vals = {'x': [6,7,8,9,10,np.nan,11,12,np.nan,13,14,15,np.nan],
        'y': [16,17,np.nan,18,19,np.nan,20,21,np.nan,np.nan,22,np.nan,24]}
df = pd.DataFrame(vals)

print(df)

print("checking NaN value in cell [10, 0]")
pd.isna(df.iloc[10,0])

Using the pandas.notnull method

Using the np.nan, we establish a dictionary with the keys x and y and their values. The above output results from converting the dictionary to a dataframe and printing it.

We determine if the value of cell [10, 0] is NaN or not. The column name is represented by the first value 0 and the index position by the first value 10, respectively. Finally, we output our results, which demonstrate that the value has NaN is True.

vals = {'x': [6,7,8,9,10,np.nan,11,12,np.nan,13,14,15,np.nan],
        'y': [16,17,np.nan,18,19,np.nan,20,21,np.nan,np.nan,22,np.nan,24]}
df = pd.DataFrame(vals)

print (df)

print("checking NaN value in cell [10, 0]")
pd.notnull(df.iloc[10,0])

Using np.nan, we establish a dictionary with the keys x and y and their values. The above output results from converting the dictionary to a dataframe and printing it.

We are determining whether the value in the cell [10, 0] is not NaN. The column name is represented by the first value 0 and the index position by the first value 10, respectively. Our result, which we ultimately print, reveals that the value has NaN and returns False since we are attempting to determine whether the cell is null when it is null.

Example: Iteratively check if Cell Value is NaN in a Pandas DataFrame

In this example, we’ll use a DataFrame that has NaN values in a few places. In this DataFrame, each cell value will be iterated over to determine whether the value is NaN.

import pandas as pd
import numpy as np

df = pd.DataFrame(
	[[np.nan, 92, 87],
	[43, 98, 82],
	[52, 94, np.nan],
	[np.nan, 74, 96]])

for i in range(df.shape[0]): #iterate over rows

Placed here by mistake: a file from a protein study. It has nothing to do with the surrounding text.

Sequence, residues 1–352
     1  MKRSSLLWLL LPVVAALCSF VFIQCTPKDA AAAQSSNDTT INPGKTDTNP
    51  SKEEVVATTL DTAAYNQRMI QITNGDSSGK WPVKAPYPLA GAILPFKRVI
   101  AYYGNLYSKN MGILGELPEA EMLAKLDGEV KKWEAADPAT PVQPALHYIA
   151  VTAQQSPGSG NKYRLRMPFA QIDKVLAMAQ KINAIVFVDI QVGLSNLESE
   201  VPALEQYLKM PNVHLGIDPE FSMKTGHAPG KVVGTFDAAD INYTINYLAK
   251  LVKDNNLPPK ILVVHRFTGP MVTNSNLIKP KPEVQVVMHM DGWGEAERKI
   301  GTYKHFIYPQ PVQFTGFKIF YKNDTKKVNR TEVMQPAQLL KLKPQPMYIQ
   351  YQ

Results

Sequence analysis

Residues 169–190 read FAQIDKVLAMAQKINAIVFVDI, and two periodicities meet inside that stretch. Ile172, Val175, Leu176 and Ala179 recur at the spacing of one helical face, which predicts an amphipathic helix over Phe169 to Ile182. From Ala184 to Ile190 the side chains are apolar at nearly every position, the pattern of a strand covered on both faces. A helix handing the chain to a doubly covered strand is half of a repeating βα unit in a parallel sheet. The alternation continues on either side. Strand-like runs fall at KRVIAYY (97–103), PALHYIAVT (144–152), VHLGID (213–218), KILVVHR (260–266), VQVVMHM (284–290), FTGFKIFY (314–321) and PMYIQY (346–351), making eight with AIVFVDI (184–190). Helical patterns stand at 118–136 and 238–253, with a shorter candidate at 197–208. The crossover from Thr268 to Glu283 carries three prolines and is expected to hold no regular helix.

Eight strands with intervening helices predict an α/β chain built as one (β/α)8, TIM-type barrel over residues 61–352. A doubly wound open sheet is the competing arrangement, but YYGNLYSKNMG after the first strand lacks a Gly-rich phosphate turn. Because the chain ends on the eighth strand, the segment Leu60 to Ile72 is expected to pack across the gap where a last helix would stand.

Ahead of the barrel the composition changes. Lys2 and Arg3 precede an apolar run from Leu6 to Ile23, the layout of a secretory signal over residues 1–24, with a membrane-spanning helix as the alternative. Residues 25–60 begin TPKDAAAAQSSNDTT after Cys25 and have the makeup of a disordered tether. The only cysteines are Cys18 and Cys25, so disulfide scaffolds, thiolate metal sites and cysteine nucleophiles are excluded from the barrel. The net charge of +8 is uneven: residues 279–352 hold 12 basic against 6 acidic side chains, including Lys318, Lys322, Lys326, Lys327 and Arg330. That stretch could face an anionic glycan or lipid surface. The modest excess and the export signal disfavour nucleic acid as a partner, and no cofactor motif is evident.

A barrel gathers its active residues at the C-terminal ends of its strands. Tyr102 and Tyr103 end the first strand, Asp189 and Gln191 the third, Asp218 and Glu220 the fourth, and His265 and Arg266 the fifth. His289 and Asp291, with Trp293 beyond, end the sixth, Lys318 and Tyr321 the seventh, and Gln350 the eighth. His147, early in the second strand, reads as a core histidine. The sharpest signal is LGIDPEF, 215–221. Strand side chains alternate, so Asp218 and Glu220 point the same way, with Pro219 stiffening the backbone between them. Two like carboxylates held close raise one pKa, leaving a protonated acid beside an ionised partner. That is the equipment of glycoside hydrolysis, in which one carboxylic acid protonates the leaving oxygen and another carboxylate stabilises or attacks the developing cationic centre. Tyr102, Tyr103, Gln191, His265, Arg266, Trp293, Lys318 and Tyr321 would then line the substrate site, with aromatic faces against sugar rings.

for j in range(df.shape[1]): #iterate over columns
        value = df.at[i, j] #get cell value
        print(np.isnan(value), end="\t")
    print()

Example: Verify whether a cell value in a Pandas dataframe is NaN

In this example, we’ll use a DataFrame that has NaN values in a few places. We’ll determine whether certain values are NaN or not.

import pandas as pd
import numpy as np

vals = pd.DataFrame(
	[[np.nan, 92, 87],
	[43, 98, 82],
	[52, 94, np.nan],
	[np.nan, 74, 96]],
	columns=['a', 'b', 'c'])

value = vals.at[0, 'a']  #nan
isNaN = np.isnan(value)
print("Is value at df[0, 'a'] NaN :", isNaN)

value = vals.at[0, 'b']  #72
isNaN = np.isnan(value)
print("Is value at vals[0, 'b'] NaN :", isNaN)

Example: Using isnull().values.any() method

# begin by importing the libraries below
import pandas as pd
import numpy as np


vals = {'Integers': [13, 18, 33, 43, 58, np.nan,
					78, np.nan, 93, 153, np.nan]}

# Establish the dataframe
val_df = pd.DataFrame(vals, columns=['Integers'])

# Using the technique
validate_nan = val_df['Integers'].isnull().values.any()

#publishing the outcome
print(validate_nan)

Additionally, it is feasible to determine precisely where NaN values are located. We can achieve this by removing .values.any() from isnull().values.any() as follows:

val_df['Integers'].isnull()

Example: Using isnull().sum().sum() Method

# start by importing the libraries
import pandas as pd
import numpy as np

vals = {'Integers_1': [31, 36, 51, 61, 76, np.nan, 96,
					np.nan, 111, 171, np.nan],
		'Integers_2': [np.nan, 42, 43, 44, np.nan, 45, 46,
					np.nan, 47, np.nan, np.nan]}

# Establish the dataframe.
val_df = pd.DataFrame(vals, columns=['Integers_1', 'Integers_2'])

# application of the method
val_nan_in_df = val_df.isnull().sum().sum()

# showing the total number of values in the entire dataframe
print('Count of NaN values present: ' + str(val_nan_in_df))

Example : Utilizing the isnull().sum() Method

# begin by importing the libraries
import pandas as pd
import numpy as np


vals = {'Integers': [13, 18, 33, 43, 58, np.nan,
					78, np.nan, 93, 153, np.nan]}

# Create the dataframe
val_df = pd.DataFrame(vals, columns=['Integers'])

# application of the method
var_count_nan =val_df['Integers'].isnull().sum()

# printing of the number of values available in the column
print('Count of the NaN values present: ' + str(var_count_nan))

Conclusion

Because occasionally, we only need to know a cell value and not the entire dataframe, we have seen a variety of approaches to determine whether a certain cell value is NaN or None in this article. Note how this article has centered on cell value focus. In this Python Examples tutorial, we learned how to use the numpy.isnan() function to determine whether a particular cell value in Pandas is NaN or not.

Both the pandas and numpy techniques for examining missing values have been encountered. In addition, we don’t employ an iteration loop; instead, we solely use the concept to provide straightforward approach. Further, even if you wish to check the entire dataframe, all previous methods are quick to execute.